Frasz said he will work with officials from the Kane County Transportation Committee and Department of Transportation to set up a fund in which to place the state money for the wayside horns project.

No engineering planning has been done yet for the project; that is the next step, Frasz said.

“We didn’t want to start the process until we secured funds,” Frasz said.

KDOT employees could provide the engineering work for the project, to keep costs down, Frasz said.

Lauzen credited Frasz’ initiative for securing the state funding. To support his quest for the funding, Frasz compiled a detailed, long-range prospectus for wayside horn installation in western Kane County.

“It really was his overall plan … he did a great job,” Lauzen said.

Frasz estimated that wayside horns and project engineering for each crossing will cost up to $125,000. If the cost is lower, the county could install the wayside horns at a third crossing in the first phase of the project, at Howard Road, Frasz said. Blackberry Township contributed $10,000 toward the project, as it did for the Elburn wayside horns.

Legion faces financial crunch from rent loss

by Martha Quetsch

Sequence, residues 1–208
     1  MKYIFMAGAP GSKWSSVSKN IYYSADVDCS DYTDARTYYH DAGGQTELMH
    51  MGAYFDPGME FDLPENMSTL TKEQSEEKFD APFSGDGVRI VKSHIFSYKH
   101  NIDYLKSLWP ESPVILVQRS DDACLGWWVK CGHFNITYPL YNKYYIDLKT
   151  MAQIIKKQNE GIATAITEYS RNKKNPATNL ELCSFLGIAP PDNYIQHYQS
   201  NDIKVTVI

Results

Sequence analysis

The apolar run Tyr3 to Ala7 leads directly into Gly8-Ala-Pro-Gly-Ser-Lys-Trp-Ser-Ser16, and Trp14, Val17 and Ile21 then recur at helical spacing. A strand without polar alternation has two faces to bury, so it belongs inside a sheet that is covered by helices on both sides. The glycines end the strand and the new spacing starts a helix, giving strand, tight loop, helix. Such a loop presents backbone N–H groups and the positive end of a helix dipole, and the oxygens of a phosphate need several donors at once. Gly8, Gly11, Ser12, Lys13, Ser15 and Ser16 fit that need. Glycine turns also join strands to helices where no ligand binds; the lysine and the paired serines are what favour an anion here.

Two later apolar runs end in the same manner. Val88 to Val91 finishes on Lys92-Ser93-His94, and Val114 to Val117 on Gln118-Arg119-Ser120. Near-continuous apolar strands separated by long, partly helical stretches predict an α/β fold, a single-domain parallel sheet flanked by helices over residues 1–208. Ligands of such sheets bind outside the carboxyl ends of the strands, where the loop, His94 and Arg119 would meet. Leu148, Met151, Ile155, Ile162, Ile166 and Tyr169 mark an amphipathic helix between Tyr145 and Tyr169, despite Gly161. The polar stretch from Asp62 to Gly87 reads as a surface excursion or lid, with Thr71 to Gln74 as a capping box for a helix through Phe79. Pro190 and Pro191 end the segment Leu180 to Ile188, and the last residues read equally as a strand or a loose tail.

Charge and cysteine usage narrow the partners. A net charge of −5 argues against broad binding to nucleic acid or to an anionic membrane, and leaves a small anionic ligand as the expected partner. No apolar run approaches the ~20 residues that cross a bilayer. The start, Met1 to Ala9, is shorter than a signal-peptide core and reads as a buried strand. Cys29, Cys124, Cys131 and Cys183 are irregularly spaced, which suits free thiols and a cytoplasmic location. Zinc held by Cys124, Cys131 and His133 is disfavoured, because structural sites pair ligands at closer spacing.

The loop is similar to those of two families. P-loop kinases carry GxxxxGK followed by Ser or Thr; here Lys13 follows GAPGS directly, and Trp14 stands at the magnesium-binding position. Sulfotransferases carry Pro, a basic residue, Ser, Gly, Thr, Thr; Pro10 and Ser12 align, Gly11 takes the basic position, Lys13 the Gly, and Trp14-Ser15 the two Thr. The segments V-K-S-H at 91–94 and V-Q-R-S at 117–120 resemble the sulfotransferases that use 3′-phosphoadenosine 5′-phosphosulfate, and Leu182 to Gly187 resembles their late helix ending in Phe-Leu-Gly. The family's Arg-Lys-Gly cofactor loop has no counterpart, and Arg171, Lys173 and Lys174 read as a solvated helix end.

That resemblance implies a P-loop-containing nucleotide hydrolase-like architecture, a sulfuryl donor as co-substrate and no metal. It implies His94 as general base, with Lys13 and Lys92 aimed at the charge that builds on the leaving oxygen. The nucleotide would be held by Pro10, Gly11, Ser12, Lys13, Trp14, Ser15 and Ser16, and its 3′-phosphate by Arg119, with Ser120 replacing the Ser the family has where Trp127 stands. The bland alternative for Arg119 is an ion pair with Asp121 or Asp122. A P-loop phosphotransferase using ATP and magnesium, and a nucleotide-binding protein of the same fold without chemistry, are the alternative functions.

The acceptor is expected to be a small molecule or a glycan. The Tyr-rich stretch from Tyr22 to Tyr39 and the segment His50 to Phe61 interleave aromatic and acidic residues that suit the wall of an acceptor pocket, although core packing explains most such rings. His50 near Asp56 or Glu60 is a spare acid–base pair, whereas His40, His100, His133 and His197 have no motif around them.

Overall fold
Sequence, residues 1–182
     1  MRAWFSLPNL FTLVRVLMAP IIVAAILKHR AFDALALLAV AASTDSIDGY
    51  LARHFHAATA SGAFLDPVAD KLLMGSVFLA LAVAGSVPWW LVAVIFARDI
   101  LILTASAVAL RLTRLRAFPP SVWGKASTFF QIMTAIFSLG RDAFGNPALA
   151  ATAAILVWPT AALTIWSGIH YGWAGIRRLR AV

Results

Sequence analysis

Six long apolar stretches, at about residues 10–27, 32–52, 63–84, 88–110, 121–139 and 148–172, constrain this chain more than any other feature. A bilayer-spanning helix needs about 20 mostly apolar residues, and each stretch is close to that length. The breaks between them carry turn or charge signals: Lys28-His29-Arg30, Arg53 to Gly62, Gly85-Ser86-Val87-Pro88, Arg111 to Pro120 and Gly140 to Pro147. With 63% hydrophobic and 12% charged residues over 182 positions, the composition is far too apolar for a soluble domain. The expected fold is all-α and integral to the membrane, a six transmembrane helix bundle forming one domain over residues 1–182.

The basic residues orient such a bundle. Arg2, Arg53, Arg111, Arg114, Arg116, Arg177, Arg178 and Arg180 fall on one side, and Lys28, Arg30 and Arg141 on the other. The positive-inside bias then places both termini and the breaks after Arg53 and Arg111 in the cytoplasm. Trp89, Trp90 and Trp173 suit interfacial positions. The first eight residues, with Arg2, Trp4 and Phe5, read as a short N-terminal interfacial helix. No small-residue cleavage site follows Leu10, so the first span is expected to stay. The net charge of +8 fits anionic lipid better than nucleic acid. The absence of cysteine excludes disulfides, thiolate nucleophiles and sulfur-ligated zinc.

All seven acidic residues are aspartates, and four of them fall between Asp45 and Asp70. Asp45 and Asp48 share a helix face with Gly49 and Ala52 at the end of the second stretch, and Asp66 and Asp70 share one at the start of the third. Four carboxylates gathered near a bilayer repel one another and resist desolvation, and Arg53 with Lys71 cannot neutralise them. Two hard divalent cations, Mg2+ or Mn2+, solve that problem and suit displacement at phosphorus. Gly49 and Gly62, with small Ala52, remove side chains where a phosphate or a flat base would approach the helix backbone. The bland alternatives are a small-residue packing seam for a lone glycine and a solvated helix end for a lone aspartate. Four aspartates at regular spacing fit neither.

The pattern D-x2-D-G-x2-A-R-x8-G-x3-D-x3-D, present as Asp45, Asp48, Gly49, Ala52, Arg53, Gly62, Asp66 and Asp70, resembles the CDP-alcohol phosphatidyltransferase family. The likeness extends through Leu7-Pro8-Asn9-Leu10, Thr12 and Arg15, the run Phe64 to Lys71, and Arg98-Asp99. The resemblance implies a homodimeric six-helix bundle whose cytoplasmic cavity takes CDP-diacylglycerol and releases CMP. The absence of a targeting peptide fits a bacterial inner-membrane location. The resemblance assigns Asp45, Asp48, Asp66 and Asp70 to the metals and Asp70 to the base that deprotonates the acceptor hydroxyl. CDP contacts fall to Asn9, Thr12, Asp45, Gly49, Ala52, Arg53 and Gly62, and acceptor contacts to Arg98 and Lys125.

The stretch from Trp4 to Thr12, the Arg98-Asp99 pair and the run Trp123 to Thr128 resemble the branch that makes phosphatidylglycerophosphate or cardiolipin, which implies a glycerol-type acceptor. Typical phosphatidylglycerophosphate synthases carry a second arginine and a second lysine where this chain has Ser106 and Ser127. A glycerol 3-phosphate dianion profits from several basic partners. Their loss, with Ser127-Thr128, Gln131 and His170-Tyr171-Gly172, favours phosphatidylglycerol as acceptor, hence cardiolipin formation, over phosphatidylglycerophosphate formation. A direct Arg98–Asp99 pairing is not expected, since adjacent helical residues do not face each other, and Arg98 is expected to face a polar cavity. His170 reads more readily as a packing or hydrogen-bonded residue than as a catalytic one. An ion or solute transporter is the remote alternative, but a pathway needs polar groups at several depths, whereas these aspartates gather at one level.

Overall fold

Elburn—American Legion Post 630 officials said their organization will be looking for another permanent tenant for the second-floor of its Elburn building, at 112 N. Main St., now that the village is terminating its lease of the space.

Before the village of Elburn began leasing most of the second-floor of the Legion Hall for the Building Department in 2005, the Legion rented the space occasionally to temporary occupants. However, that was not profitable, Legion member Norbert Lund said.

“We were looking for a more permanent tenant,” Lund said.

Legion Commander Wiley Overley said the result of the village’s termination of the lease will be a financial crunch for the Legion.

“What this will do is put us into a negative cash flow situation until we can rectify it,” Overley said.

The Legion will discuss marketing strategies for the rental space during its executive Committee Meeting Monday, Aug. 10.

Legion members also will talk about other ways the organization can cope financially with the reduction in revenue caused by the lack of rent from the village.

“We’ll live with it one way or another,” Lund said.

Lund said the Legion was able to get through the more than five-year period the space was vacant after its former renter, the public library, moved to its new space on North Street.

Eventually, if the Legion does not find a new tenant, it would have to liquidate the property, Overley said.

“But I don’t think that would be in the near future,” Overley said.

To cope with the financial loss from the lease termination, the Legion will look at ways to cut expenses during the coming months for the Legion.

“We’re going to have to suck it up just like everybody else,” Overley said.

The Legion owns its building. It uses its revenue, primarily from fundraising, to donate to veterans and community organizations, and to pay property taxes and operations expenses. He said the Legion receives some income from past investments, but that revenue “has taken a hit,” he said.

Village will end lease of Legion Hall space

Decision follows Building Department staff cuts
by Martha Quetsch